With an average size of 100 cm, the naked-head toothfish is of no interest to fisheries. It is a polar fish with a depth range of about 550 m. Naked-head toothfish are circum-Antarctic (found south of the Antarctic Polar Front and in the Ross and Cooperation Seas), and are harmless to humans.
With an average size of 23 cm, this fish, a deepwater fish, has a depth range of 550 to 588 m. They are harmless to humans, and are of no interest to fisheries whatsoever. These fish can be found in the Southern Ocean (only in the Ross Sea).
This fish has an average size of 55 cm, and is a deepwater fish with a range of about 1000 m. Young fish can be seen from near the surface from down to roughly 200 m and adults are mainly seen from about 300 to 800 m. They feed mostly on other fish, and are harmless to humans. These fish can be found in the Southern Ocean as well as south of the Antarctic Convergence.
This fish is a temperate fish with an average size of 22 cm. Scientists are not sure what its depth range is. They are harmless to humans and can be found in circum-Antarctic and sub-Antarctic waters.
Smalleye Moray Cod (Muraenolepis microps)
The smalleye Moray cod has an average size of 35 cm and has a depth range of 10 to 1600 m. They are of no interest to fisheries, and can be found on the coasts of the Antarctic Peninsula, in the Scotia Sea, around Victoria Land and in the Ross Sea. Smalleye Moray cods feed on zooplankton and are harmless to humans.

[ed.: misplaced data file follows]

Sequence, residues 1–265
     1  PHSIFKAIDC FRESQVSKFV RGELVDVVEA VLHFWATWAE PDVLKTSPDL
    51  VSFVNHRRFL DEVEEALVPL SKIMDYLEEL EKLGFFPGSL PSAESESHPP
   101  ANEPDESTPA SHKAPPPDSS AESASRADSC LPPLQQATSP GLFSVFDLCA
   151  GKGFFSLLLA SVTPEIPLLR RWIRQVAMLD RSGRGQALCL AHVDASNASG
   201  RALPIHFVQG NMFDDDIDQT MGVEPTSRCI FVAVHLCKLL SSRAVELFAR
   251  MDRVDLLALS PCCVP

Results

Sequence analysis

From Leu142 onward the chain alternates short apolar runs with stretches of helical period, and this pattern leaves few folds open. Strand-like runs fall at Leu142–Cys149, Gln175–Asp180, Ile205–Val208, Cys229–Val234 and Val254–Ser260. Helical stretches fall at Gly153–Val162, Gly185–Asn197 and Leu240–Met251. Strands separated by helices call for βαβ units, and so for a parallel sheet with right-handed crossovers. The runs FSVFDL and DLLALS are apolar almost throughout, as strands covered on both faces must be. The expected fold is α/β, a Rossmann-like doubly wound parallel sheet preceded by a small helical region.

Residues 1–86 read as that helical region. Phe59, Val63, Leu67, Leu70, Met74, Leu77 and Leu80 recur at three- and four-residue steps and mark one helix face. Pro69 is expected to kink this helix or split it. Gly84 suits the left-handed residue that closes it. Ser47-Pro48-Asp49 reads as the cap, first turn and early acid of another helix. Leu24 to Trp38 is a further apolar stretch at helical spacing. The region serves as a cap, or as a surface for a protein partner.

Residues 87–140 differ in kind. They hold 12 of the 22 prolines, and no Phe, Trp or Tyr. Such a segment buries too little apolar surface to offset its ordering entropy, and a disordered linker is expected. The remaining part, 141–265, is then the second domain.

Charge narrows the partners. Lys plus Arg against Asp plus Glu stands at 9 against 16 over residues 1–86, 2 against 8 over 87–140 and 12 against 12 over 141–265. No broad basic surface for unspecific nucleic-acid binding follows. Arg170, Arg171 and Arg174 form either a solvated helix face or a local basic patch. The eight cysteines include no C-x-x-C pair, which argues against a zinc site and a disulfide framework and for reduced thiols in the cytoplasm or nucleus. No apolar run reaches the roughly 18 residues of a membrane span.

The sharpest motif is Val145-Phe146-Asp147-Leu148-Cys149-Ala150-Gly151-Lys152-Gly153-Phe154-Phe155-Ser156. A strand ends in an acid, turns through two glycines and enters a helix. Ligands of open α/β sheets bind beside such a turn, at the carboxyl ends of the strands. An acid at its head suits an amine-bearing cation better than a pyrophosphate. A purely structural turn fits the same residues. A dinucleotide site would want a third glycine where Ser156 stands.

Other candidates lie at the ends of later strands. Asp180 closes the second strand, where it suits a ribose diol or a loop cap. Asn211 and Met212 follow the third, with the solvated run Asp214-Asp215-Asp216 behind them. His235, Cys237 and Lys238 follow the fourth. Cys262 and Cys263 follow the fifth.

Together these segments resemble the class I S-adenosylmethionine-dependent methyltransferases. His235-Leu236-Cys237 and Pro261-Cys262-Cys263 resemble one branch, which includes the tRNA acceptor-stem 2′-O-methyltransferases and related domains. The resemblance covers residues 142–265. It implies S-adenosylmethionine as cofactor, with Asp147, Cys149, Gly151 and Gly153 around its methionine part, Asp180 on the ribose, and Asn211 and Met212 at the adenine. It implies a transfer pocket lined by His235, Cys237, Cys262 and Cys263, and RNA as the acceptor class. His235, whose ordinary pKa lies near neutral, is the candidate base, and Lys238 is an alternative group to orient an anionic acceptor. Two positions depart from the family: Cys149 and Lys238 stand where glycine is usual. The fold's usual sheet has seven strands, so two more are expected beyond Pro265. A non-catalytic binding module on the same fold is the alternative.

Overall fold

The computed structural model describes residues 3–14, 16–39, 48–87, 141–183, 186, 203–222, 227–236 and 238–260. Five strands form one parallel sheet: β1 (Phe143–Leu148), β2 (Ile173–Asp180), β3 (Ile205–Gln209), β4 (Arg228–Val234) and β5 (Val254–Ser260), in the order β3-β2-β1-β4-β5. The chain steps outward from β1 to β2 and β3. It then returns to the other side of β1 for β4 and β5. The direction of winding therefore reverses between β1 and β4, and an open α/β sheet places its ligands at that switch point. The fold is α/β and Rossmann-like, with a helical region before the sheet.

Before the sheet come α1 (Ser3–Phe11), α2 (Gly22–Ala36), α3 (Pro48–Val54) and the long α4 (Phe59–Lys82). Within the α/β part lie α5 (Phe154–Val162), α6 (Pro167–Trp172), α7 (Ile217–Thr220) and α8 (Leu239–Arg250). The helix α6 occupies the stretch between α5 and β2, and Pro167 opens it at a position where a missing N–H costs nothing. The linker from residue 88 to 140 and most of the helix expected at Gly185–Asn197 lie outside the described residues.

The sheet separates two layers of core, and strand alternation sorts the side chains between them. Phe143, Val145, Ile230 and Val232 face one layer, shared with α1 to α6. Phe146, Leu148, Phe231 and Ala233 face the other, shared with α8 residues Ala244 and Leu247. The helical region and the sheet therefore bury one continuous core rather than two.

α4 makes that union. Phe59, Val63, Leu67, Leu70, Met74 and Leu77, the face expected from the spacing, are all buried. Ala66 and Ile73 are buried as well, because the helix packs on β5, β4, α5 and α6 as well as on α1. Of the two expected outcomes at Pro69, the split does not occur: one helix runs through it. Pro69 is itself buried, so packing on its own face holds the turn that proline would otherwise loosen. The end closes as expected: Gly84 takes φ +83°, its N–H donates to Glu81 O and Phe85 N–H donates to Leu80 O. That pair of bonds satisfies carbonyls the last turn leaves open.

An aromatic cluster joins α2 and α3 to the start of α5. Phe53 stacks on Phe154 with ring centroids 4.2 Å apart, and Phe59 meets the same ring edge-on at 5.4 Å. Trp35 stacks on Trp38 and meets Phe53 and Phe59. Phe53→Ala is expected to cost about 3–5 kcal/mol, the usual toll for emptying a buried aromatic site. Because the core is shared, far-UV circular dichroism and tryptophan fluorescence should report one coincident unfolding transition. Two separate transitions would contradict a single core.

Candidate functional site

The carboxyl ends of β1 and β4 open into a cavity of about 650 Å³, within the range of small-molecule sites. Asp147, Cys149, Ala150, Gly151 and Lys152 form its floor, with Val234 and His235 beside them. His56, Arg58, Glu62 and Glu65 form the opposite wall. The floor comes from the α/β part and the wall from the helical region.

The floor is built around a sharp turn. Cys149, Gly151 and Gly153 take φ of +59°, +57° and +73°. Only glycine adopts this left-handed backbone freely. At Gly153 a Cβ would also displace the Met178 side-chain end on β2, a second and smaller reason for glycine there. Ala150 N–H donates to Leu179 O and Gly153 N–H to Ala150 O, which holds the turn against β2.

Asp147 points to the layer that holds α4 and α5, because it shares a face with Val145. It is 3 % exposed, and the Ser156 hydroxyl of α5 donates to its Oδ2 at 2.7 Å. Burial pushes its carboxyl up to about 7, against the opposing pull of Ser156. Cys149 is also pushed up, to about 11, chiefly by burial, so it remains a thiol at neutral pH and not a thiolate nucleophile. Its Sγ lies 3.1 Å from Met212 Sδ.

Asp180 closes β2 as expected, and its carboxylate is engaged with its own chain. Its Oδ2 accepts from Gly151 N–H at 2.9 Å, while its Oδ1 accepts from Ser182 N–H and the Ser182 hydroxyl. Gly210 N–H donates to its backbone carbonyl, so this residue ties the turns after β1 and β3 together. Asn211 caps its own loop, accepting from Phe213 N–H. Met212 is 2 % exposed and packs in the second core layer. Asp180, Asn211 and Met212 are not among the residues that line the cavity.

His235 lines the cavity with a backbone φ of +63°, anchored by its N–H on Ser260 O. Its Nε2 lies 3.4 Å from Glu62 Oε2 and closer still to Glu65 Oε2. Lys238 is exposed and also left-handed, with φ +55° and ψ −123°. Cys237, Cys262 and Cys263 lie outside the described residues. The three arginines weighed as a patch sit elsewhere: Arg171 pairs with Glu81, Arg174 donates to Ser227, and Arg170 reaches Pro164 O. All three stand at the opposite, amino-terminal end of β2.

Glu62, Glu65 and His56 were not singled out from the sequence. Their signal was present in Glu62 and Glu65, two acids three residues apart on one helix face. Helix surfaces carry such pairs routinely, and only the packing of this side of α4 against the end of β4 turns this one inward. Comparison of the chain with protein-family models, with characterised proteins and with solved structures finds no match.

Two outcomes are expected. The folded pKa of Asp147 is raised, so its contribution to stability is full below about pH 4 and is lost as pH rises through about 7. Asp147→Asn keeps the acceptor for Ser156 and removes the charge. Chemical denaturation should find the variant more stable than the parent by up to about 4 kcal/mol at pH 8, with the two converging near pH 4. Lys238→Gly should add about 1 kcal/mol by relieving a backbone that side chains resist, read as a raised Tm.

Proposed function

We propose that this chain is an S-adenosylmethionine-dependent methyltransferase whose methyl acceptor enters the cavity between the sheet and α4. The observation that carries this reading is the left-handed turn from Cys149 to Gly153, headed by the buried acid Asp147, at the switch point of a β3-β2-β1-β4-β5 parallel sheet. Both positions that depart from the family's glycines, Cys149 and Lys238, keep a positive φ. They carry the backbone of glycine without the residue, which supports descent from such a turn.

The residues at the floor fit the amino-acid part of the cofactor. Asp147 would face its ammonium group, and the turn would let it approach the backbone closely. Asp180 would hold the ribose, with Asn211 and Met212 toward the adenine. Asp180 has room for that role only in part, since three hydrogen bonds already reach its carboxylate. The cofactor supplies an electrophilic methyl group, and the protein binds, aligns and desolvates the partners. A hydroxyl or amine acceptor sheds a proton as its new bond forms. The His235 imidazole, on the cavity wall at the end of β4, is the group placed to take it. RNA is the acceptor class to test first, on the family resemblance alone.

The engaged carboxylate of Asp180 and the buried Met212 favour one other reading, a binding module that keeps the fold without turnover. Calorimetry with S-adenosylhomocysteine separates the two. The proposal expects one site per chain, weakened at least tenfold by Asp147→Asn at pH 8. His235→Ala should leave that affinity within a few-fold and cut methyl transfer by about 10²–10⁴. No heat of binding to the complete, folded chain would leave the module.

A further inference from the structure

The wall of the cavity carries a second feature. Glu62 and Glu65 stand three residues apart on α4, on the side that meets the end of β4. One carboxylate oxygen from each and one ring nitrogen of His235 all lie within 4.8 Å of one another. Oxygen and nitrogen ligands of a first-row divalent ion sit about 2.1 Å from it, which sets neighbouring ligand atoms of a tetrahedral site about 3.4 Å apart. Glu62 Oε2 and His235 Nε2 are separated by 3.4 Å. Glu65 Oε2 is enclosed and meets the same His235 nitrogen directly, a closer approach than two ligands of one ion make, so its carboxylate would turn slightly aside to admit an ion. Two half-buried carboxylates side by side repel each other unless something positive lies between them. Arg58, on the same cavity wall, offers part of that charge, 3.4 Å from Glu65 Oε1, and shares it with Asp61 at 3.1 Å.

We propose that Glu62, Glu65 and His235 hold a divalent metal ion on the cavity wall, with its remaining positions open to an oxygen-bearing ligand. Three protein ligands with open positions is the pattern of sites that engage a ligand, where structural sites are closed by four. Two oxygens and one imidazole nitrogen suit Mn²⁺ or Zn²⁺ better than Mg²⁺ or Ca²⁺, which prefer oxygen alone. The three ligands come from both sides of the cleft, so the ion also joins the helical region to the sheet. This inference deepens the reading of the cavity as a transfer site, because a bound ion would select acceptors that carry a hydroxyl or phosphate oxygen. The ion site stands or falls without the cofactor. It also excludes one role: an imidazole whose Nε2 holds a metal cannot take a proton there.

Antarctic Jonasfish (Notolepis coatsi)
With an average size of 38 cm, the Antarctic jonasfish is a deepwater fish, and has a depth range of 0 to 2000 m. They are of no interest to fisheries, and can be found in Antarctic pelagic waters. Antarctic jonasfish are harmless to humans and feed only on krill.
This fish is a deepwater fish, 24 cm long on average, with a depth range of 800 to 1100 m. They are of no interest to fisheries and can be found in the Southern Ocean as well as the Weddell Sea. They are harmless to humans and are one of the most brightly coloured liparidids known.
Dusky Notothen (Trematomus newnesi)
Dusky notothens are polar fish that are harmless to humans and are 20 cm long on average. They have a depth range of 0 to 400 m and are of no interest to fisheries. They feed mainly on amphipods, polychaetes, gastropods, isopods, copepods and euphausiids, and are found in the Southern Ocean (Weddell Sea, West coast of the Antarctic Peninsula, the South Shetland Islands, Elephant Island, the South Orkneys, Adélie Coasts, and the Ross Sea).